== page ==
This week, we discuss the theft of £88,000 worth of gold by criminal hackers, ambitious plans from the NCSC’s new CEO, and the appointment of the first Federal Chief Information Security Officer.
Hello and welcome to the IT Governance podcast for Friday, 16th September. Many thanks to Sophie for deputising last week. Here are this week’s stories.
A 25-year-old-man was jailed this week after hacking a bullion firm and using the data he illegally accessed to steal nearly £90,000 worth of gold. The Evening Standard reports that Adam Penny of Canary Wharf stole customer names, addresses and tracking numbers, and passed them on to three associates who then intercepted deliveries of gold bullion. The group sold the gold – worth an estimated £88,000 – to an unsuspecting London jeweller.
Detective Inspector Sanjiv Gohil of the Metropolitan Police’s cyber crime unit said, “This case highlights the importance of robust cyber security systems for businesses and particularly those with an online presence.
“In this case the breach was reported to the police and we were able to investigate and bring Penny to justice, without further compromise to the company and their customers.”
GCHQ is planning to create what many parts of the media have called a ‘Great British Firewall’ to block cyber criminals. On Monday, Ciaran Martin, the first CEO of GCHQ’s new National Cyber Security Centre (NCSC), told the Billington Cyber Security Summit in Washington, DC, that he expects the UK to face a “stand-out incident of hostile foreign cyber attack [that will resonate] as a first-order national crisis”, and that it’s the government’s responsibility to work with industry and law enforcement to do something about it.
In his maiden speech as CEO of the NCSC, Martin warned that, last year, GCHQ had “detected twice as many national security level cyber incidents – 200 per month – [as it] did the year before”. He also noted that “65% of all large UK companies reported a breach in the last year.” More positively, however, he pointed out that the “great majority of cyber attacks are not terribly sophisticated [and] can be defended against. And even if they get through, their impact can be contained.”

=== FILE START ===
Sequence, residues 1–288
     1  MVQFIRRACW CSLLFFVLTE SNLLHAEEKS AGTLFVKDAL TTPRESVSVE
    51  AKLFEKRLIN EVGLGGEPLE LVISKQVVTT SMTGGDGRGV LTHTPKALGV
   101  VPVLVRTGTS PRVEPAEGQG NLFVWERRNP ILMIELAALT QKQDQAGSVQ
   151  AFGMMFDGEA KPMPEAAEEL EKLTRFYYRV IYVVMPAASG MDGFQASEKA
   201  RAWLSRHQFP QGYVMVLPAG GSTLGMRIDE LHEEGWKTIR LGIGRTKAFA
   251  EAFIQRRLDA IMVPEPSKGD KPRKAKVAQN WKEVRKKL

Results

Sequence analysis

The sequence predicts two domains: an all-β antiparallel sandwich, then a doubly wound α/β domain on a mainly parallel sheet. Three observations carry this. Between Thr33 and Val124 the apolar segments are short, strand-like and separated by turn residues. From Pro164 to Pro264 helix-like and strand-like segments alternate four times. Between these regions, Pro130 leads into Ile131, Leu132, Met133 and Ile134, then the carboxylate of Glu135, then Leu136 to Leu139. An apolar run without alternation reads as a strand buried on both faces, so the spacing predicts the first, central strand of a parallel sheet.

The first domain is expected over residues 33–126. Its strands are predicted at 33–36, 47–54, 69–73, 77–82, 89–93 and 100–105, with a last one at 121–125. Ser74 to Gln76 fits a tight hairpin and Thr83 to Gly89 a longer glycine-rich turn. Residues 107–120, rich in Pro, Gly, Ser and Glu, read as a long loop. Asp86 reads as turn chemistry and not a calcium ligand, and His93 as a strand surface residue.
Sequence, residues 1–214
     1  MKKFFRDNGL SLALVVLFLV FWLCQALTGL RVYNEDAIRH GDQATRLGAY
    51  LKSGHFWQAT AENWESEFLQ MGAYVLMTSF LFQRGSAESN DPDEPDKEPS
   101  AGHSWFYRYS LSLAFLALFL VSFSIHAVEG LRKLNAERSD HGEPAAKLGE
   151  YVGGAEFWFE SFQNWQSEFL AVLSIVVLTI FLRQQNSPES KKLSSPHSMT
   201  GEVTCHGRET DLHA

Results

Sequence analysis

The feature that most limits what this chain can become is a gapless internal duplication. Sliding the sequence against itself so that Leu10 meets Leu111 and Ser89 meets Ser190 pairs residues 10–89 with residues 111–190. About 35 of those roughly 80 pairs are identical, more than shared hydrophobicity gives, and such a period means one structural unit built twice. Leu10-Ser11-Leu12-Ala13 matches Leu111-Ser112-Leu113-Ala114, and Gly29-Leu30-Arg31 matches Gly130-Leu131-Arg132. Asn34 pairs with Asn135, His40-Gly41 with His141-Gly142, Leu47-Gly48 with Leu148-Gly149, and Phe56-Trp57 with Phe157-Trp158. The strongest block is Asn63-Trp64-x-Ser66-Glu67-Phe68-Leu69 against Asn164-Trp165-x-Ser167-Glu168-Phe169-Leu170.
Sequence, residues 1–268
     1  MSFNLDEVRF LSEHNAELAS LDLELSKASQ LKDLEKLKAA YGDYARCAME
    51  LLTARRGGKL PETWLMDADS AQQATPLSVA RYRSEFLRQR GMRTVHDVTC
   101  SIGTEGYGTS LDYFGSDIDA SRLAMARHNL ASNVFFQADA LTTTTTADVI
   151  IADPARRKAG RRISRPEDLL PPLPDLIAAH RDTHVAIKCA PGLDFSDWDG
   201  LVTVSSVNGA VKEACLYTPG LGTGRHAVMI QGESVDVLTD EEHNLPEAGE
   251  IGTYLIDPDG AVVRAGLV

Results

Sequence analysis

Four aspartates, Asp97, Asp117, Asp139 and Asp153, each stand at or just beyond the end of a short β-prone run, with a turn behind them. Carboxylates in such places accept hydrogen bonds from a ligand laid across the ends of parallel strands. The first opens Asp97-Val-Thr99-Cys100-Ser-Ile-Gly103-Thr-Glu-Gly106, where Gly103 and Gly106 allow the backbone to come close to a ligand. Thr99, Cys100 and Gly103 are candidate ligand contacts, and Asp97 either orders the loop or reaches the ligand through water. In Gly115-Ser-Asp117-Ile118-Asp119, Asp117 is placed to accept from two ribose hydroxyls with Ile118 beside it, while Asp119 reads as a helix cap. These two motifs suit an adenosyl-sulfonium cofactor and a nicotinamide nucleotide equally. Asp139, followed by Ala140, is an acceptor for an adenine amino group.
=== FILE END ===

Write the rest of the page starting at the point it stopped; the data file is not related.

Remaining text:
The NCSC is therefore, he said, “exploring a flagship project” to work with Internet service providers to block known malware and bad addresses with DNS filtering. The plan is still in its infancy, but privacy campaigners have already expressed concern. According to the Guardian, ‘Thomas Falchetta, a legal officer for Privacy International, said: “Given the broad scope of GCHQ’s hacking operations both domestically and abroad, this seems like the fox protecting the chicken.”’
Another high-profile security appointment, this time on the other side of the Atlantic: the United States has named its first Federal Chief Information Security Officer. Brigadier General (retired) Gregory J. Touhill – the man who led the response to the 2015 OPM breach that affected 22.1 million people – will “lead a strong team within [the Office of Management and Budget] who have been at the forefront of driving policy and implementation of leading cyber practices across federal agencies”.
Well, that’s it for this week. As ever, please feel free to comment below, telling us a bit about yourself and what you’d like more information on and we’ll do our best to answer in the coming weeks. Until next time, remember that you can keep up to date with the latest information security news on our blog.
And don’t forget to check out our book of the month, Nine Steps to Success – An ISO27001:2013 Implementation Overview by Alan Calder. Revealing the methodology used by IT Governance’s consultants in hundreds of successful ISO 27001-compliant ISMS implementations, this book will help you through every stage of your ISO 27001 project.
Whatever your cyber security needs – whether regulatory compliance, stakeholder reassurance or just greater business efficiency – IT Governance can help your organisation to protect, comply and thrive. Visit our website for more information: itgovernance.co.uk.